Hardlinked file can't be sent twice to the recycle bin

Originator:supergradha
Number:rdar://36198223 Date Originated:December 23 2017, 12:45 AM
Status:Open Resolved:
Product:macOS + SDK Appkit Product Version:10.13.2
Classification:Other bug Reproducible:Always
 
Using High Sierra on an APFS volume, files sent to the recycle bin won't be erased if they are hard linked and one of its instances with the same name already exists in the recycling bin.

Steps to Reproduce:

For the manual version one can create the hard linked files from the command line and place them in different directories:

$ mkdir a b
$ ln some.txt  a
$ ln some.txt  b
$ open a

Now, using the finder, drag some.txt to the recycling bin. Go to the other directory and send the some.txt file to the recycling bin. The file disappears and reappears immediately.

To test this mechanically, you can compile and run the following program which uses NSWorkspace's NSWorkspaceRecycleOperation:

#import <AppKit/AppKit.h>
#import <stdio.h>


#define ORIGINAL "original file.txt"
#define TARGET "Linked version.txt"


int exists_file(const char* src)
{
	FILE* out = fopen(src, "rb");
	if (NULL == out) return 0;
	fclose(out);

	return 1;
}

int recycle(const char* src)
{
	NSString *path = [[NSString alloc] initWithUTF8String:TARGET];
	NSString *folder = [path stringByDeletingLastPathComponent];
	NSArray *files = [NSArray arrayWithObject:[path lastPathComponent]];
	[path release];

	NSInteger tag = 0;
	const BOOL ret = [[NSWorkspace sharedWorkspace]
		performFileOperation:NSWorkspaceRecycleOperation
		source:folder destination:nil files:files tag:&tag];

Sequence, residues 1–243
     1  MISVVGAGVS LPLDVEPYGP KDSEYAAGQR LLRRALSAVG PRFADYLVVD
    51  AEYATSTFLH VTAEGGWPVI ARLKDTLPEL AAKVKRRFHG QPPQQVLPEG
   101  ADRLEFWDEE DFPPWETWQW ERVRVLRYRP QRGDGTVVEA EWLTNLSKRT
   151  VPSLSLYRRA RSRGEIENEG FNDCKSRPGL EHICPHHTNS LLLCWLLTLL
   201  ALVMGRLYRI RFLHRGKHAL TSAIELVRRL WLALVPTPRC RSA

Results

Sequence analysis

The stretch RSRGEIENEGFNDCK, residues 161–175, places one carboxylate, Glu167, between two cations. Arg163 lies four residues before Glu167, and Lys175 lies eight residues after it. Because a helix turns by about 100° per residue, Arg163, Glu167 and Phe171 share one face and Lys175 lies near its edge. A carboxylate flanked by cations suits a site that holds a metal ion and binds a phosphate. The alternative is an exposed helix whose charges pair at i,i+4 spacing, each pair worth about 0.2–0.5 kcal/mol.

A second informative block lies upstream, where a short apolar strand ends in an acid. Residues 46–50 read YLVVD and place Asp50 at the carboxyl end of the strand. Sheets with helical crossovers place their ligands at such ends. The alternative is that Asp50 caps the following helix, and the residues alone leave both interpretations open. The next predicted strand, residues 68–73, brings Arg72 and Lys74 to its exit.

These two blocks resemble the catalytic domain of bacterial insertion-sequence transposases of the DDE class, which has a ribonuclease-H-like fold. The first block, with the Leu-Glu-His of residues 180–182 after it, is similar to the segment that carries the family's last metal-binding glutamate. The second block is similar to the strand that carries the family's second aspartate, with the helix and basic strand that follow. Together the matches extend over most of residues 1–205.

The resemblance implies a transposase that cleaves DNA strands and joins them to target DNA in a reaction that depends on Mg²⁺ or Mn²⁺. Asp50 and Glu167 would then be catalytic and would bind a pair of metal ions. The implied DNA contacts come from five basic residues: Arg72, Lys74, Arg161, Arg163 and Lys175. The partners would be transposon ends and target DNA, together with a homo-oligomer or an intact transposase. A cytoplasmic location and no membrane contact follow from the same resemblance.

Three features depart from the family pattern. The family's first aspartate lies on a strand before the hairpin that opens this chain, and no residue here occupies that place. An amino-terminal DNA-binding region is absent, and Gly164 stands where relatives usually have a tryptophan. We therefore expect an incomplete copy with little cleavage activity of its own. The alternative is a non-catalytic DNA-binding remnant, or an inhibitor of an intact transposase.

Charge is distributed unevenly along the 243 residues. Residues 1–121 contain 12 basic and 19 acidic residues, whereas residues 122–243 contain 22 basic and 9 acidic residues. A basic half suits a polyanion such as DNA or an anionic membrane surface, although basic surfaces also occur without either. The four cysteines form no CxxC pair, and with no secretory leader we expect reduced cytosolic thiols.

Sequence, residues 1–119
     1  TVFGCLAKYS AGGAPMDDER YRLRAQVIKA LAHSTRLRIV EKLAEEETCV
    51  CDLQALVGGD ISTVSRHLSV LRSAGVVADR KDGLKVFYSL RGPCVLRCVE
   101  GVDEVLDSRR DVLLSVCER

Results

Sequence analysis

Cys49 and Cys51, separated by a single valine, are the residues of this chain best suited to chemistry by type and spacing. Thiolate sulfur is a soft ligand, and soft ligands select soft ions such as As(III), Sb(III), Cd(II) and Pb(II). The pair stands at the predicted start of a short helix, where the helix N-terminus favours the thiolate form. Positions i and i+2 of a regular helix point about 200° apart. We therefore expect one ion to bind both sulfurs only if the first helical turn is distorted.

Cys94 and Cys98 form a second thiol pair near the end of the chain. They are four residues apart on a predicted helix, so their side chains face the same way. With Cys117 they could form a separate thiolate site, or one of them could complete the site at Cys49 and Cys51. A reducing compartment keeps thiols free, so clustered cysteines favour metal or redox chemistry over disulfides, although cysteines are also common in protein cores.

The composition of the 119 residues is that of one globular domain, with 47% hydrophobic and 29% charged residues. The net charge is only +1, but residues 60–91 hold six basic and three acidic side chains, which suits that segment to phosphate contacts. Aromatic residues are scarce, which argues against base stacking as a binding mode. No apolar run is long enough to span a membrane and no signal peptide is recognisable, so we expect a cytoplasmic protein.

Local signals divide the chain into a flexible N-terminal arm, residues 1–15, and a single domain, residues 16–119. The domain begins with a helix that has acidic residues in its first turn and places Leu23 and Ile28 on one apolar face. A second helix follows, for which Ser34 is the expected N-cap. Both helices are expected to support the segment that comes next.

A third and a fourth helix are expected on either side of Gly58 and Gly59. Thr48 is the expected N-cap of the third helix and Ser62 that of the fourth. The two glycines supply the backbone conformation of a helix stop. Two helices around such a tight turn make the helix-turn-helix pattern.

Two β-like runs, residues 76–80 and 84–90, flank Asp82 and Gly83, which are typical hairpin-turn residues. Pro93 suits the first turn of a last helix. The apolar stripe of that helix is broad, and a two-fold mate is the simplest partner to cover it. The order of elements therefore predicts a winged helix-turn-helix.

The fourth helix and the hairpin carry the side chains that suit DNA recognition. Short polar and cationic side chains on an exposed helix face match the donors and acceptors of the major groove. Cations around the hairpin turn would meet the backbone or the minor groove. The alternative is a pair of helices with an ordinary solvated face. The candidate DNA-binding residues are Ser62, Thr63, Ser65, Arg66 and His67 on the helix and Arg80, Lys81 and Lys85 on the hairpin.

printf("Recycling Success? %d\n", (int)tag);
	if (tag) return tag;

	if (exists_file(src)) {
		printf("Ooopes, %s still exists!\n", src);
		return -1;
	}

	return 0;
}

// Returns zero on success, non zero on failure.
int main(int argc, char *argv[])
{
	NSAutoreleasePool *pool = [[NSAutoreleasePool alloc] init];

	FILE* out = fopen(ORIGINAL, "wb");
	assert(out);
	fwrite("Hello", 1, 3, out);
	fclose(out);

	int result = 0;
	for (int f = 0; f < 10; f++) {
		printf("Run %d\n", f);
		link(ORIGINAL, TARGET);
		if (recycle(TARGET))
			break;
	}

	[pool release];

	return result;
}

Compile with gcc -o test test.m -framework AppKit

Expected Results:

Running the automatic program on an old machine with 10.11.6 the output of the program is:

$ ./test 
Run 0
Recycling Success? 0
Run 1
Recycling Success? 0
Run 2
Recycling Success? 0
Run 3
Recycling Success? 0
Run 4
Recycling Success? 0
Run 5
Recycling Success? 0
Run 6
Recycling Success? 0
Run 7
Recycling Success? 0
Run 8
Recycling Success? 0
Run 9
Recycling Success? 0

Meaning that all the copies of the hard linked file are moved to the recycle bin, where they are put as renamed versions. Running this on a MBPr with 10.13.2 shows:

$ ./test 
Run 0
Recycling Success? 0
Run 1
Recycling Success? 0
Ooopes, Linked version.txt still exists!

Meaning that after the first successful recycle operation, the second says it succeeds but leaves the file where it was, effectively not recycling it.

As a bonus, a mounted USB with HFS+ exhibits a similar problem on High Sierra, but after a few runs of the test, suggesting there is a race condition. APFS is deterministic.

Comments


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